John Mikhail (Georgetown University Law Center) has posted The 2018 Seegers Lecture: Emoluments and President Trump (Valparaiso University Law Review, forthcoming) (56 pages) on SSRN. Here is the abstract:
The topic for my 2018 Seegers Lecture at Valparaiso University Law School was the original meaning of “emolument” and its implications for President Trump. In this revised and expanded version of my spoken remarks, I begin by discussing the Constitution’s Emoluments Clauses and describing the three emoluments lawsuits against the president that are currently winding their way through the federal courts. I then highlight one of the main points of contention in these lawsuits, which is the constitutional meaning of the term “emolument.” Next, I describe some of the efforts my colleagues and I have made to investigate the historical meaning of this term and explain how our research may impact the resolution of these lawsuits. Finally, I discuss the novel decision issued by a federal district court in July 2018, which held that “emolument” was a flexible term at the founding that referred to “any ‘profit,’ ‘gain,’ or ‘advantage,’” including profits from ordinary market transactions. A second federal judge recently denied the president’s motion to dismiss on the same grounds, setting the stage for what seems likely to be a pivotal issue on appeal in both cases.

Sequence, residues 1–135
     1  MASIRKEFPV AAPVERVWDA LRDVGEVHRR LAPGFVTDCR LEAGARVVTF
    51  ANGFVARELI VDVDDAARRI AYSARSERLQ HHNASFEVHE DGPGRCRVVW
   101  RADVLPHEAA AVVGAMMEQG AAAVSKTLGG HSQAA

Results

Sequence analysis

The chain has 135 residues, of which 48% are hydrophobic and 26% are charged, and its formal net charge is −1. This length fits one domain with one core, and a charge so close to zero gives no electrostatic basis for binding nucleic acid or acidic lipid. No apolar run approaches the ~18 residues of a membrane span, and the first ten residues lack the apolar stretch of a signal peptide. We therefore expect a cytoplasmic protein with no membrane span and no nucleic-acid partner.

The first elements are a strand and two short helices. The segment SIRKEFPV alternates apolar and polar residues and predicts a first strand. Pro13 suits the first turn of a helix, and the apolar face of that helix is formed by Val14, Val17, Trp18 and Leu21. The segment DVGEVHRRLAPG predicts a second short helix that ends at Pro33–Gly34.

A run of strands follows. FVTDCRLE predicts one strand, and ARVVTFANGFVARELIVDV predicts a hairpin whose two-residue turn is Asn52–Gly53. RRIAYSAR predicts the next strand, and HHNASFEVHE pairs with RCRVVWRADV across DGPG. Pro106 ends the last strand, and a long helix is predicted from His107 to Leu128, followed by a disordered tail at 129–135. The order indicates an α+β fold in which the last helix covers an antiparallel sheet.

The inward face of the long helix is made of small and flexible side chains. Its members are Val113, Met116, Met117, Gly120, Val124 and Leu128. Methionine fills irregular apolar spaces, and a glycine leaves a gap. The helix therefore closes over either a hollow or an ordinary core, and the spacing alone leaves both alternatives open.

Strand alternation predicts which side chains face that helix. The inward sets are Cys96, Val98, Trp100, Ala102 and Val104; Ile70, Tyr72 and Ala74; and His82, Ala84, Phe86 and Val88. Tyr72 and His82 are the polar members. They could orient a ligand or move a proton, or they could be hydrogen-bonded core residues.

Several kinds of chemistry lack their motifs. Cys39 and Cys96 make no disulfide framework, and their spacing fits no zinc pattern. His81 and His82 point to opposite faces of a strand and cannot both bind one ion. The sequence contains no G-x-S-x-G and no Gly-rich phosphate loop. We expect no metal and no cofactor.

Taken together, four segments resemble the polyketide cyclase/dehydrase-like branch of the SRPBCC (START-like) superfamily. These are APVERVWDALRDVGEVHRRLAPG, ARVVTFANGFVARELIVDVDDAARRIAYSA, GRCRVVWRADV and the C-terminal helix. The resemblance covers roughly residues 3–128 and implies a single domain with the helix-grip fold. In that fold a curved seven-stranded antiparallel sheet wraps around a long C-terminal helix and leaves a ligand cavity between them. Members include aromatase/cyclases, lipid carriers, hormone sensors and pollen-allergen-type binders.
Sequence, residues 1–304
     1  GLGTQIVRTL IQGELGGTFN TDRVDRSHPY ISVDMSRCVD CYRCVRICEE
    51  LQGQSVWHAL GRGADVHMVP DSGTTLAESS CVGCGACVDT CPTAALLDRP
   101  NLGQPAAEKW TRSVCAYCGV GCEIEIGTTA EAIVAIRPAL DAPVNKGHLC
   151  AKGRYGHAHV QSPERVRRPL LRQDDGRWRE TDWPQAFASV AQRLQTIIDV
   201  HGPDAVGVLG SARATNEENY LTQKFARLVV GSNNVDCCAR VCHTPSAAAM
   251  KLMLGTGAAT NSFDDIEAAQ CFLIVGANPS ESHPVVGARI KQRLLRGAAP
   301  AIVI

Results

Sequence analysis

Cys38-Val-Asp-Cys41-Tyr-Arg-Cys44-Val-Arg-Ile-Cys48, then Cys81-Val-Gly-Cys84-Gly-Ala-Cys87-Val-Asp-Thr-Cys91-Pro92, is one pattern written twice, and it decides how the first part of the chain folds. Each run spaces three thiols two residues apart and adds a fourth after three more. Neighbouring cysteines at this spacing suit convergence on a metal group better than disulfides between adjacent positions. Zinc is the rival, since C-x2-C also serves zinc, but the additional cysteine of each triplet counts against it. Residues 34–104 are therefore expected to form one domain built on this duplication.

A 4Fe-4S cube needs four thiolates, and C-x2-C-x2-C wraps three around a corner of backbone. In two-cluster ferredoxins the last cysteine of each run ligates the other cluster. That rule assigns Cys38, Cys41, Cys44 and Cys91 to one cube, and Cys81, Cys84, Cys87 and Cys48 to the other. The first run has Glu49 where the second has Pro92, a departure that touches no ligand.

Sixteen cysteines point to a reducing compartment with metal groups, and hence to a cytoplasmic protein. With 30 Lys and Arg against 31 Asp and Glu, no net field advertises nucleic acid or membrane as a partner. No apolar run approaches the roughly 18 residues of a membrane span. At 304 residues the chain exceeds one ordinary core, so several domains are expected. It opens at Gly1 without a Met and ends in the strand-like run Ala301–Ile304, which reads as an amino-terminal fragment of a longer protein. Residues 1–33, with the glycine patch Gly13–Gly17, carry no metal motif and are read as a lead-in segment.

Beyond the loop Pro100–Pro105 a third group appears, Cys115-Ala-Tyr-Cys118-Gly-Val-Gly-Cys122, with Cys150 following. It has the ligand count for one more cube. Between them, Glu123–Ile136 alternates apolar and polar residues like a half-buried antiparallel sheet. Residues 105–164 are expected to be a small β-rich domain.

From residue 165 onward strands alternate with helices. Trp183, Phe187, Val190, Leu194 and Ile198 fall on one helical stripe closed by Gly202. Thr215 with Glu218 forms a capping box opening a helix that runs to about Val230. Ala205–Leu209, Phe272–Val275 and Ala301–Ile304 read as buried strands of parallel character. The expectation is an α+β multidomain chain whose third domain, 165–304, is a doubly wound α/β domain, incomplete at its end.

Via Larry Solum at Legal Theory Blog, who says “Highly recommended. Download it while it’s hot!”
Entirely apart from the merits of the arguments, it is especially notable the extent to which the President’s opponents have relied on the original meaning of the emoluments clauses. That focus suggests a conclusion among at least some prominent left-leaning historians and legal academics that (a) one can (at least sometimes) identify historical meaning of constitutional clauses; (b) historical meaning of constitutional clauses can (at least sometimes) be used to resolve modern controversies; and (c) historical meaning of constitutional clauses should be used to resolve modern controversies. That’s worth remembering when later commentators, legal academics and historians say that originalism is conceptually incoherent, practically impossible, or morally wrong.
NOTE: This post was originally published at The Originalism Blog, “The Blog of the Center for the Study of Constitutional Originalism at the University of San Diego School of Law,” and is reposted here with permission from the author.